Finding a silent killer: TEMS gets grant for carbon monoxide detectors

PROMOTING SAFETY — Clark Crago, right, director of the TEMS Joint Ambulance District, shows Bill Lucas, president of Anderson-Campbell Insurance Agency, one of several carbon monoxide detectors that ambulance personnel will use to determine if a patient has been exposed to the gas. Lucas assisted the ambulance service in securing a grant from the Public Entities Pool of Ohio for the devices as well as personal protection equipment. (Photo by Warren Scott)

TORONTO — The federal Centers for Disease Control and Prevention estimates that more than 400 Americans die each year from carbon monoxide poisoning not linked to fires and more than 24,000 are treated by hospitals after inhaling the gas.

Clark Crago, director of the TEMS Joint Ambulance District, said because it is colorless and odorless, people often don’t know they have been exposed to it until it’s too late.

“We know it’s the silent killer,” he said.

But personnel with the ambulance service have been armed with small, portable devices that will enable them to detect carbon monoxide when responding to any call.

Funding came from a $1,000 grant from the Public Entities Pool of Ohio and the assistance of the Anderson-Campbell Insurance Agency.

Crago noted common symptoms of CO exposure include headache, weakness, dizziness, nausea and vomiting, shortness of breath, confusion, blurred vision and loss of consciousness.

He noted the gas can be particularly dangerous to people who are sleeping or intoxicated because it can cause irreversible brain damage before they realize there’s a problem. It’s also been found to be most harmful to children and adults with chronic health conditions.

Crago said he and his staff can use the devices to determine if a patient is in an environment heavy in carbon monoxide while protecting themselves against the gas.

He said the handheld devices will be attached to the medical bag carried by each ambulance squad member.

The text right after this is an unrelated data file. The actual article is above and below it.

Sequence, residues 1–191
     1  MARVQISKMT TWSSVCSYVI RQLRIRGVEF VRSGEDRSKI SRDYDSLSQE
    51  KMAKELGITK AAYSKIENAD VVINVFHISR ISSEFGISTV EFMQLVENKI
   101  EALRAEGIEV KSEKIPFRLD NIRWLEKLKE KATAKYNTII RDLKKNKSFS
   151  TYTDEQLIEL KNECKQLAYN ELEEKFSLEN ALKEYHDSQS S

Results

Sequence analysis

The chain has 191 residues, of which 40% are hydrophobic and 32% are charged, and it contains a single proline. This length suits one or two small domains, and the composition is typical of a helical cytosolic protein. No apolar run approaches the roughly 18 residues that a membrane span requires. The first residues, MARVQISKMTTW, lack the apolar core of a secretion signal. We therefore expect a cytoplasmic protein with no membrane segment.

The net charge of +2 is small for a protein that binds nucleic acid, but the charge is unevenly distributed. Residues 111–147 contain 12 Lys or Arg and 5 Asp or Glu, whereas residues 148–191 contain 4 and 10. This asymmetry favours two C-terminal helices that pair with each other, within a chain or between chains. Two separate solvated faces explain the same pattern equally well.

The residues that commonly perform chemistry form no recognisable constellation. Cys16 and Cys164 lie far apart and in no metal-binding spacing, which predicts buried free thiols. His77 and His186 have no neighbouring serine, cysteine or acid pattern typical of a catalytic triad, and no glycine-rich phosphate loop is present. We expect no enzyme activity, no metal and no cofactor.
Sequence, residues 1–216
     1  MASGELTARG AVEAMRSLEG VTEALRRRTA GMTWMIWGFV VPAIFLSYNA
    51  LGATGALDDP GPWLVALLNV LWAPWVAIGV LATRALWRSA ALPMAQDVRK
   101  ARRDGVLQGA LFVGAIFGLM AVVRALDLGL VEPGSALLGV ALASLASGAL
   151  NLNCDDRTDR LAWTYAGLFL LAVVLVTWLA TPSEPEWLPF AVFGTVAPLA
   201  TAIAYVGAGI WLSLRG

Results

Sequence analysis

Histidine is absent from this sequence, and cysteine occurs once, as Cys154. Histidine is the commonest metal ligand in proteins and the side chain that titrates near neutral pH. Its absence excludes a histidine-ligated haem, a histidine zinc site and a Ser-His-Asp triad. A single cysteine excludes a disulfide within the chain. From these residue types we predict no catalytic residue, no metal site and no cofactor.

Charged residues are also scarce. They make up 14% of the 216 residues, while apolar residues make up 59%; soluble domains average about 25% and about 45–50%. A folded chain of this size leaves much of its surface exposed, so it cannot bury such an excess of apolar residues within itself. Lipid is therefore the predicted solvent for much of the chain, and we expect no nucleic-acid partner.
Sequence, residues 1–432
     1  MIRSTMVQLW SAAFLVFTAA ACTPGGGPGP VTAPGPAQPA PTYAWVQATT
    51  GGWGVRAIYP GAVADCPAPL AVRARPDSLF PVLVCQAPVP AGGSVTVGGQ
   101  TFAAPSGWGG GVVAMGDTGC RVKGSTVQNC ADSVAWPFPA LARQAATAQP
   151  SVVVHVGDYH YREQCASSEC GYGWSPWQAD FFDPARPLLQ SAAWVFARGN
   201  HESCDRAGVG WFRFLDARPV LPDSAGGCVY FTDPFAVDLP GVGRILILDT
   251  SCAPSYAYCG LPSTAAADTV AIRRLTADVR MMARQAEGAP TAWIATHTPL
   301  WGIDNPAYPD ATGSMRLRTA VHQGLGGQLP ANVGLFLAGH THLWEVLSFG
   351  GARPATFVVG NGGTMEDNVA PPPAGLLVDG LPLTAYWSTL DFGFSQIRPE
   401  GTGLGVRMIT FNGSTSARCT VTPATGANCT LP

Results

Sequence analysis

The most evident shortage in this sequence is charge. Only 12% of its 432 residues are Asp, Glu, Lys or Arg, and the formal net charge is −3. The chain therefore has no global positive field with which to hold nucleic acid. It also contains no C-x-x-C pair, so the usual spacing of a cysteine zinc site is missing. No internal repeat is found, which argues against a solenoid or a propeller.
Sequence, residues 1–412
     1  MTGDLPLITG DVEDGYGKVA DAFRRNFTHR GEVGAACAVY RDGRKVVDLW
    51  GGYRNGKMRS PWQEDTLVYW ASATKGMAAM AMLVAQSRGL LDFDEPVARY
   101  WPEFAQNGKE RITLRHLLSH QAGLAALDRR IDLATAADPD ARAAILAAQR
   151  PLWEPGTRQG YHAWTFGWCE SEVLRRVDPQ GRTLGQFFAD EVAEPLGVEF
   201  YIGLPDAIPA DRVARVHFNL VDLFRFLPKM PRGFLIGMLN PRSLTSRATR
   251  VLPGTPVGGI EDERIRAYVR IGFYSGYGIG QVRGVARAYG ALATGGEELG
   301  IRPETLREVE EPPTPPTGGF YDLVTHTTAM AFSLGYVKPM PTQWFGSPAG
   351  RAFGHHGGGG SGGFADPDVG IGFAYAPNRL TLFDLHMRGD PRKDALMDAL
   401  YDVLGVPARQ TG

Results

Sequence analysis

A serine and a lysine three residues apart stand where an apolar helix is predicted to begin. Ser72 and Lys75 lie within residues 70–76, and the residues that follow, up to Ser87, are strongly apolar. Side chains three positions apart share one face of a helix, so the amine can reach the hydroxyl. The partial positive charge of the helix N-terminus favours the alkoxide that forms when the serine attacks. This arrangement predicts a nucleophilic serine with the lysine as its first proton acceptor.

Crago noted they are more sensitive than the CO detectors residents can use in their homes, though he strongly encourages everyone to obtain those.

He and other emergency officials encourage everyone to place a battery-operated or battery back-up CO detector in hallways near bedrooms and other areas where residents of a household sleep.

As with smoke detectors, their batteries should be replaced when changing clocks each spring and fall, while most detectors should be replaced every five years.

The gas is produced by the burning of fuel in vehicles, small engines, stoves, lanterns, grills, fireplaces, gas ranges and furnaces. Residents with gas, oil or coal burning heating systems, water heaters and other appliances are encouraged to have them inspected annually and ensure they are properly vented.

The CDC also discourages using portable flameless chemical heaters or gas camp stoves indoors or a generator less than 20 feet from a window, door or vent and using a gas range or oven to heat a home or area of one because it produces a buildup of carbon monoxide.

Crago expressed thanks for assistance in submitting the grant application to Bill Lucas, president of the Anderson-Campbell Insurance Agency.

He said money from the grant will be used to purchase masks and face shields for ambulance staff.

Lucas noted the Public Entities Pool of Ohio is a nonprofit risk pool collectively owned by more than 600 local government entities for which it provides coverage.

He said PPE began providing such grants about a dozen years ago.


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